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January 2023
Vol. 22, No. 4

CD Reviews

SHARON DUBOIS: Into Light

by Robert BushMarch 2018

Give San Diego vocalist Sharon DuBois substantial credit for Into Light, her latest self-released effort, which features superb production values from John Staten and a cast of revolving heavy hitters, including bassists Christian McBride, Mark Dresser, and Greg McKinney with saxophonist Eric Person, violinist Mary Oliver alongside local heavyweights like Joey Carano and Derek Cannon on guitar and trumpet, respectively.

Into Light is nothing if not wildly ambitious. At times, it sounds like three different records, which both adds and detracts from its ultimate coherency. At its core–the subject matter relates mainly to affairs of the heart–where DuBois seems to wince from a series of painful memories–trying to work through the hurt into a more therapeutic sense of wisdom

The album begins with the fusion-esque “Shades of Blue,” where a sprightly Latin feel morphs suddenly into slap-bass funk then back to reverberant electric piano as DuBois navigates between longing for a “big-strong-man” and celebrating the independent story of a woman who “only cooks for one.”

“Forgive Me Please” showcases the dual basses of McBride and Dresser and the violin of Oliver pulsing through a constantly shifting time signature of 8, 7, and 9 beats and a chaotic narrative that doesn’t seem apologetic, regardless of the title.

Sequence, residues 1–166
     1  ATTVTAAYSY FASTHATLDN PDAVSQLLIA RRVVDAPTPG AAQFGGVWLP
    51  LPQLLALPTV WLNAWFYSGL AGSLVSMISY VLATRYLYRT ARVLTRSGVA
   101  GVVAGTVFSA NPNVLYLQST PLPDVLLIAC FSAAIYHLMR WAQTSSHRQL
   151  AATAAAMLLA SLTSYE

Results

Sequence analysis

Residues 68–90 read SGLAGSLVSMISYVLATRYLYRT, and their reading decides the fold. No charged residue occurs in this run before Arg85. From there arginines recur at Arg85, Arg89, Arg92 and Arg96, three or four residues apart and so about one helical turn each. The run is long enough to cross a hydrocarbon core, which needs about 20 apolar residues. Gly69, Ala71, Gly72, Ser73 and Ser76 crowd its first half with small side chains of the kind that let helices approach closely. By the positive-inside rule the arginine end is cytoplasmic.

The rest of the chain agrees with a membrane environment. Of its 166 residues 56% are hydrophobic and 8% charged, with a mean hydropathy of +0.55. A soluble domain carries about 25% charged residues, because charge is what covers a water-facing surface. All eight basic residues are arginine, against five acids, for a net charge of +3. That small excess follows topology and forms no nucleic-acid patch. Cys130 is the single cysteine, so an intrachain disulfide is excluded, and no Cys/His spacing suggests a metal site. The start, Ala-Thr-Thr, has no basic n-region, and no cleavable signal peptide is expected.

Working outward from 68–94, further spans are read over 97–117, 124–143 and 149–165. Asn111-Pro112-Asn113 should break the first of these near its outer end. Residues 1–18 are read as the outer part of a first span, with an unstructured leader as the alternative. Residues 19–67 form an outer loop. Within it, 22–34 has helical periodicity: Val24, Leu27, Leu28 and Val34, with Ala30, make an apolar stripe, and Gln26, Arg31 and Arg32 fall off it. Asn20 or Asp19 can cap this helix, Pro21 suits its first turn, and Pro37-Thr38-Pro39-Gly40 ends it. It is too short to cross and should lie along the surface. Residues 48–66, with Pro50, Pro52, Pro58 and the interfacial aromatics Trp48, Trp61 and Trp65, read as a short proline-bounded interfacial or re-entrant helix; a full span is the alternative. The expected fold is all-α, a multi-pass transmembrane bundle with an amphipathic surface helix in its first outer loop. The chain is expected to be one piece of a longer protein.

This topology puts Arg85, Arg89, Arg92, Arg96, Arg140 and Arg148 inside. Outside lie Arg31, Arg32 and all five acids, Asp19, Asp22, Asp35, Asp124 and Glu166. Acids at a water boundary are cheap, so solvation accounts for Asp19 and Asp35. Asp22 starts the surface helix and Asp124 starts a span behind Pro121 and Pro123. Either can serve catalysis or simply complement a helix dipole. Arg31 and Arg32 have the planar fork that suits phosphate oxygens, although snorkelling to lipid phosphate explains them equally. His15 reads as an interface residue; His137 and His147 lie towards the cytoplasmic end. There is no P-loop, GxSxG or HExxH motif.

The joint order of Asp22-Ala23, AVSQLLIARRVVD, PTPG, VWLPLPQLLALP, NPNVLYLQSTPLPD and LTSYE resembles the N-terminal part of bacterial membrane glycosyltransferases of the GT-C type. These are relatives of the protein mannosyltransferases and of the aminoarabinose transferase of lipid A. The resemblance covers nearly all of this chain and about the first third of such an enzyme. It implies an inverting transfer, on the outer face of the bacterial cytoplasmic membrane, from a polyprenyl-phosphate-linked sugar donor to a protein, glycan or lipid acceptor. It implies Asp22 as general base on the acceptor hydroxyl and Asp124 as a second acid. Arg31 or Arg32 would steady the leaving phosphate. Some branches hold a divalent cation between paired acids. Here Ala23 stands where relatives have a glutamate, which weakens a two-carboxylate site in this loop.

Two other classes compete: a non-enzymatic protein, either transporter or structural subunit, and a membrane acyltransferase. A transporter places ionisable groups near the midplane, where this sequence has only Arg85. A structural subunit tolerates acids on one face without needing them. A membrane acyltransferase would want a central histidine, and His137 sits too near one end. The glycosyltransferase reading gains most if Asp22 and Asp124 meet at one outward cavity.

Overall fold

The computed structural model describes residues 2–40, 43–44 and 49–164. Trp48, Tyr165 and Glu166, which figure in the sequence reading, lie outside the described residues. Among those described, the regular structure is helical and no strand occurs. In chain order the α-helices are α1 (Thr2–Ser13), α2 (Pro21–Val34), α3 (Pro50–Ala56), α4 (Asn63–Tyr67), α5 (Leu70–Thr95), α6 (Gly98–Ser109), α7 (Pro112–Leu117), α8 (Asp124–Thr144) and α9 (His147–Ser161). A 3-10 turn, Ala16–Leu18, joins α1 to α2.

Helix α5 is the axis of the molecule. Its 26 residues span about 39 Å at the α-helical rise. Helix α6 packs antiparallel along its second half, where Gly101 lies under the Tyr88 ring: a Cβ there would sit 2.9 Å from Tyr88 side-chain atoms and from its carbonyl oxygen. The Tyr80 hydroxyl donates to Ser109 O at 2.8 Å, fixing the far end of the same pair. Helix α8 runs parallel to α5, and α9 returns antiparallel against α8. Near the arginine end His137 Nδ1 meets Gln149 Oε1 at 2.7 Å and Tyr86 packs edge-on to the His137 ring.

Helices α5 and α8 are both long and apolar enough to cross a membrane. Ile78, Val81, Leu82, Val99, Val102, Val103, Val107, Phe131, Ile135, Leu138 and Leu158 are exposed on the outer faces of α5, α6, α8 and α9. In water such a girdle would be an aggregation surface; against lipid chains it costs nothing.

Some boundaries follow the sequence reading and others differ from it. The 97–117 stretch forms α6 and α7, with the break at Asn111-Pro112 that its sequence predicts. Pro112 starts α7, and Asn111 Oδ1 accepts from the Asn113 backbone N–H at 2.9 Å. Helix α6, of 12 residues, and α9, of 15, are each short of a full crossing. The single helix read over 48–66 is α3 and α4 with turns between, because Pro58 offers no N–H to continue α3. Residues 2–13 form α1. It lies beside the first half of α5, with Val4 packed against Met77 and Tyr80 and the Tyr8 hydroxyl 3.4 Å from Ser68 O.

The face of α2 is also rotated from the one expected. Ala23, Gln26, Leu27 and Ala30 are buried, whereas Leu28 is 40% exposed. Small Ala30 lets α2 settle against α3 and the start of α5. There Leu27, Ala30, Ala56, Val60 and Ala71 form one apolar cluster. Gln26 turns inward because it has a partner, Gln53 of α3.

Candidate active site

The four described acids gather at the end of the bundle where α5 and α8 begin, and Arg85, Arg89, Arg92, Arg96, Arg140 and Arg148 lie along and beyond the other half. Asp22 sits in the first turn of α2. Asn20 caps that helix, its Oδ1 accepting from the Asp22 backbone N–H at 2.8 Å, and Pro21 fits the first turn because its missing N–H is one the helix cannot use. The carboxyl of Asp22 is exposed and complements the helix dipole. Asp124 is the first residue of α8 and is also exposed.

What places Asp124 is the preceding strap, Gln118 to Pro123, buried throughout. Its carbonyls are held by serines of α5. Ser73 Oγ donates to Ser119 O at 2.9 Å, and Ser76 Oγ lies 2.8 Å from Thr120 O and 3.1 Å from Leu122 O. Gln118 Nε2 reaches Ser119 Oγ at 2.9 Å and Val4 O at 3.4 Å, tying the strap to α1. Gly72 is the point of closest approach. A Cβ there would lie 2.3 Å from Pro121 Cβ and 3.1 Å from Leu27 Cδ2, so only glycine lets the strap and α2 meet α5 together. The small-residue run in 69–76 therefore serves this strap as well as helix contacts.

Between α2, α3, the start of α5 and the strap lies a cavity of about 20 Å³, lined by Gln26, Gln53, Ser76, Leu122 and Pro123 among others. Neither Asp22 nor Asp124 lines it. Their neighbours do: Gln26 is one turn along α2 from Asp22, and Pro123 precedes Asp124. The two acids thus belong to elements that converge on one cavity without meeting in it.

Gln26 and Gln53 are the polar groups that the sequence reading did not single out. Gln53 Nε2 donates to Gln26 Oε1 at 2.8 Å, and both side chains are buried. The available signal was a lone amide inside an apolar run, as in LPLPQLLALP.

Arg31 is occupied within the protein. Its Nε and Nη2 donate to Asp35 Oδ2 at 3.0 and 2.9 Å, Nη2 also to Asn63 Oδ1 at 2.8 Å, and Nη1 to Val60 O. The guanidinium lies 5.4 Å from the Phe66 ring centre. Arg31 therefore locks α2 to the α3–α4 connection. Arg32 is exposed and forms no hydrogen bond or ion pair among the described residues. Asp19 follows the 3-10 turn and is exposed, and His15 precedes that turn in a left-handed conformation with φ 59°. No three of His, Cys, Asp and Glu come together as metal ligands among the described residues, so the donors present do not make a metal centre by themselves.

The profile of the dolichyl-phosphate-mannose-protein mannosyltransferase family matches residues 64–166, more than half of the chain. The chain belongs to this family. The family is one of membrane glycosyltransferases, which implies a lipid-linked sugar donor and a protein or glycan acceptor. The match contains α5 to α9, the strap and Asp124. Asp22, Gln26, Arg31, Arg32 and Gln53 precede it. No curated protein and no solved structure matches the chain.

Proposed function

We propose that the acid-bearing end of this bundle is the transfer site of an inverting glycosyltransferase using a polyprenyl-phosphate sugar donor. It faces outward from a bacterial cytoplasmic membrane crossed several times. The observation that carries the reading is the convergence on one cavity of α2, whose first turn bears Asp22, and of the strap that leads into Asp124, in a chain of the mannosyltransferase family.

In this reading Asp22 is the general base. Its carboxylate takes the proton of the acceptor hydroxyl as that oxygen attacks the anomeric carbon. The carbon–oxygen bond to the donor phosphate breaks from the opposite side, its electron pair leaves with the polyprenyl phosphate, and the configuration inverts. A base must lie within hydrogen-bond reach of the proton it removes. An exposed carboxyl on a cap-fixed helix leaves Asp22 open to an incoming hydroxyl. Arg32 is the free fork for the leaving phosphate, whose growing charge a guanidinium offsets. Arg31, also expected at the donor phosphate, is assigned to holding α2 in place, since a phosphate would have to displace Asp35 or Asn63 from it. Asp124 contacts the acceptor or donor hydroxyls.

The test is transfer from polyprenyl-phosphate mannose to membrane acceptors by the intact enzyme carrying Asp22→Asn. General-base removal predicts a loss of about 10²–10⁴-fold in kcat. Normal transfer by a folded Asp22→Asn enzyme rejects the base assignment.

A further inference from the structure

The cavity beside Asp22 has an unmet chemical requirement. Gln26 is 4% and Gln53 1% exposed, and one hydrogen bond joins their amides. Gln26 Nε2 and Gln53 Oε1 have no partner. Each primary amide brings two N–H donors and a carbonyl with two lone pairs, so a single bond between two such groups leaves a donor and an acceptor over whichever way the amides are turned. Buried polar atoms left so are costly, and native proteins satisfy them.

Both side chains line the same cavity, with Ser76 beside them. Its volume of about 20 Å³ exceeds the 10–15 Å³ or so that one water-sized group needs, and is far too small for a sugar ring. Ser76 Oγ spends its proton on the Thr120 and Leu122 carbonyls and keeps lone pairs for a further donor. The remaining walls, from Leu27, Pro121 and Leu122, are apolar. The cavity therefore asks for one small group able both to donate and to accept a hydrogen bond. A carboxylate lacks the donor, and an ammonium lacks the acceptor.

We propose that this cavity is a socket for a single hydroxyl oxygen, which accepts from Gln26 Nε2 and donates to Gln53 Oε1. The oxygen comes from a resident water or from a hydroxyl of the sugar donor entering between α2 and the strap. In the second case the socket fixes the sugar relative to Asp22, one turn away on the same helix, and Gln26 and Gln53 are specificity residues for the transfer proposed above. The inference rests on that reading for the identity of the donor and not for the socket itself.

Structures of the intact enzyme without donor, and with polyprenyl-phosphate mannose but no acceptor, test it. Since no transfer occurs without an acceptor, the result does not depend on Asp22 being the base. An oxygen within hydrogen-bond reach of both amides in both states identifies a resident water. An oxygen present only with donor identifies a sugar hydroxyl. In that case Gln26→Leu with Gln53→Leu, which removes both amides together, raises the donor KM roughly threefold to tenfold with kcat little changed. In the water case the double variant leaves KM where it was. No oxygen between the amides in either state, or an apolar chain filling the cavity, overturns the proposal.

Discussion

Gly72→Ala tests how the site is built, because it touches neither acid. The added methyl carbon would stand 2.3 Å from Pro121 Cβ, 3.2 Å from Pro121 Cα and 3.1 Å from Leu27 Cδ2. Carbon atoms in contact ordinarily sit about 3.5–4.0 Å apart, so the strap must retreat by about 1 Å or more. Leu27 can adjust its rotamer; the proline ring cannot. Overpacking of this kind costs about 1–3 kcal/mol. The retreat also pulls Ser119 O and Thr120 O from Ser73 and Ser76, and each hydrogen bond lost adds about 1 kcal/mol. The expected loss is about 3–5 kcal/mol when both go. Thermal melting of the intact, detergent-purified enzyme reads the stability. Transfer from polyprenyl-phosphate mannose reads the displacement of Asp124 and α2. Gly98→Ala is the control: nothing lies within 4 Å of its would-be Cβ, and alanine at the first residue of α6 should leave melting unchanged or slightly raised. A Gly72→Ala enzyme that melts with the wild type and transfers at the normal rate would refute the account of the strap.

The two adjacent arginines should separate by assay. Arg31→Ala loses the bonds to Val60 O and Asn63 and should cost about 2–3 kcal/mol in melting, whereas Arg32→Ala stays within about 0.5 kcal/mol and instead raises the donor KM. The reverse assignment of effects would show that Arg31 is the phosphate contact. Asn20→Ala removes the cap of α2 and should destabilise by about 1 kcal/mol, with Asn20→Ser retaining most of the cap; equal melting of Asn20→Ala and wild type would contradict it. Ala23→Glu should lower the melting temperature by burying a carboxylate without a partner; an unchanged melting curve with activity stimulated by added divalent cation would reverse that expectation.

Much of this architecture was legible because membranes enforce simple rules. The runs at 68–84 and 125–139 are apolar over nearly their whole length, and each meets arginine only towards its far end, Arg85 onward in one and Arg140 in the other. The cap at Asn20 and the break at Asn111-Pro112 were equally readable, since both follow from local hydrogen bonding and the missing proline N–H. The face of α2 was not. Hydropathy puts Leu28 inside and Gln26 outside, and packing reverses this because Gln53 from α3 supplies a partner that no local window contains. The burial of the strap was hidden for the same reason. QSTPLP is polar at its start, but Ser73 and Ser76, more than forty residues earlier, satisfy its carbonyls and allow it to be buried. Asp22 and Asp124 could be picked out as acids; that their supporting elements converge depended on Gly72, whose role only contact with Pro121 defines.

A favorite moment occurs on a piece DuBois wrote with the late Daniel Jackson, “Flux,” a dark noirish blend of mystical lyrics and smoky atmosphere–courtesy of the wailing saxophone of Person and the woody groan of McBride–who sounds like leviathan.

Staten’s feathery brushwork pervades the groove on “Ocean,” where DuBois comes off sounding like a boozy, brassy Nanci Griffith. This tune represents another highlight moment–mostly because it connects directly to the jazz tradition.

Both bassists return for “Hiding Behind Jesus Doing the Devil’s Work,” churning up a wicked martial cadence for the DuBois vocal and the double-tracked trumpets of Cannon (which reminds me, somehow, of the horns in the Johnny Cash/ June Carter classic “Ring of Fire.”)

The title track is haunting and elegiac. Dedicated to the memory of drummer Nicki Carano, who left this planet way too early–the simple trio of Staten on cajon with Carano’s layered arpeggios and DuBois impassioned outreach makes for memorable music, indeed.

I also enjoyed “If You Were Mine,” which seems to be the perfect vehicle for the plaintive voice of DuBois (remarkably free of artifice) and the band–especially McBride, whose solo clings to the ear.

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